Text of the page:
“Terms of Endearment” is Pure Evil

Warning: If you haven’t seen the movie, don’t read this post, come back to it after you’ve seen the movie. It just happens to be on Netflix so check it out. But in the meantime, I’ve got 64 other posts on this blog you can catch up on 😉

So after years of putting it off, I just watched one of the most soul-crippling-keeping-it-real-real-gut-wrenching-let’s-just-rip-your-heart-out-and-destroy-and-torment-every-emotional-bone-in-your-body movie that is Terms of Endearment.

6 things:

1. Wow, give me a moment. I don’t think I’ve ugly cried like this…EVER. Like if there was ever an award given for the most visually hideous ugly cry face in the history of the world, I’d win that thing, hands down. Worse than Claire Danes doing the ugly cry face and hers is BAD…like “I have to turn away from the TV” bad.

2. I now understand the hype that is Shirley Maclaine and Debra Winger. They are so brilliant and utterly effortless and perfect in their roles as mother and daughter.

3. I wish I had seen this before I became a wife and mother because no matter what anyone says, movies like this affect you on a whole different level and in a completely painful way because you can actually relate to the characters and their lives. The relationship between a mother and child is so…Delicate. I’m so grateful to have such an honest, free, hilarious, “We’ve been through some THIIIIIIIIIINGS but we came out of it stronger” and frustratingly rad relationship with my mom. She’s amazing…except when she’s telling me my house isn’t clean enough, I’m not feeding the kids enough, my clothes are all wrong and I need to wear makeup…on repeat.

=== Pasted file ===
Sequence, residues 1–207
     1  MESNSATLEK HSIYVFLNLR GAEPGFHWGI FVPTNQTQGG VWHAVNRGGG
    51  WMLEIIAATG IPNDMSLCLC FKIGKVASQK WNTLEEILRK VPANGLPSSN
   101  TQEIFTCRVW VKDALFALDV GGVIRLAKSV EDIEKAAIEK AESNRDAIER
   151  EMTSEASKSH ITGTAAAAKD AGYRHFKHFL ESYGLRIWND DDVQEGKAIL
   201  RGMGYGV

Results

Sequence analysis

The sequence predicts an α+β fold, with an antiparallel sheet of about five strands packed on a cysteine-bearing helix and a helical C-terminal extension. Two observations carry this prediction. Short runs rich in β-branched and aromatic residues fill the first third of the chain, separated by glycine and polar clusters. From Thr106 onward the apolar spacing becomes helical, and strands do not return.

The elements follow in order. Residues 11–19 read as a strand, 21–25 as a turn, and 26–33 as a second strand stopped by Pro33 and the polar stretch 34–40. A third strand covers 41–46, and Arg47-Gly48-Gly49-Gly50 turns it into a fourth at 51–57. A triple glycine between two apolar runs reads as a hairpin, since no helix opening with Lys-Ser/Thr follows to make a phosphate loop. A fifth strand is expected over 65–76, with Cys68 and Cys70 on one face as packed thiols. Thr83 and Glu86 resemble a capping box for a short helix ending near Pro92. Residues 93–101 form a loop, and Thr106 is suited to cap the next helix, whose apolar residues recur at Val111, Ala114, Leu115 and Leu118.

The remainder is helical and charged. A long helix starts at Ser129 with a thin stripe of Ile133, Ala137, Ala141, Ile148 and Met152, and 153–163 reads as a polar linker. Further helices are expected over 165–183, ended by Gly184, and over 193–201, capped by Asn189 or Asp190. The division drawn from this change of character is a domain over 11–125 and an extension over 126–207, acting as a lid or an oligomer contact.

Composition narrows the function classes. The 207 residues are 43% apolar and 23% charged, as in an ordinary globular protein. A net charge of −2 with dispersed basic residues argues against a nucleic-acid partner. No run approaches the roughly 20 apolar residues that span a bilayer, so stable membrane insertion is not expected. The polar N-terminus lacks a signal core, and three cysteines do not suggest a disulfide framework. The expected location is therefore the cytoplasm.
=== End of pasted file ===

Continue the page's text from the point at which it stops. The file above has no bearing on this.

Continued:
4. I need chocolate and a beer. ASAP.

5. This chocolate and beer is good.

‪6. This movie isn’t only about the relationship between mothers and daughters…it’s also about family as a whole unit. One of my favorite scenes is the one where Emma is saying good-bye to her bickering boys. In one of the best acted and written scenes ever, Emma tells her son Tommy everything he needs to know about their relationship in such a simple and beautiful way so her son won’t be burdened with the pain that comes with realzing the things that were said and done as children. That there will be no reason for regrets or things left to be questioned.

Emma Horton: Ted, give me a kiss, come on. Tommy, you be sweet. Be sweet. And stop tryin’ to pretend like you hate me. I mean, it’s silly.

Tommy Horton: I like you.

Emma Horton: OK then, will you listen especially close?

Tommy Horton: What?

Emma Horton: Listen real hard?

Tommy Horton: I said ‘what’?

Emma Horton: I know you like me. I know it. For the last year or two, you’ve been pretending like you hate me. I love you very much. I love you as much as I love anybody, as much as I love myself. And in a few years when I haven’t been around to be on your tail about something or irritating you, you could… remember that time that I bought you the baseball glove when you thought we were too broke. You know? Or when I read you those stories? Or when I let you goof off instead of mowing the lawn? Lots of things like that. And you’re gonna realize that you love me. And maybe you’re gonna feel badly, because you never told me. But don’t – I know that you love me. So don’t ever do that to yourself, all right?


Holy crap, I need more chocolate…and Beer…and therapy. Probably all three.

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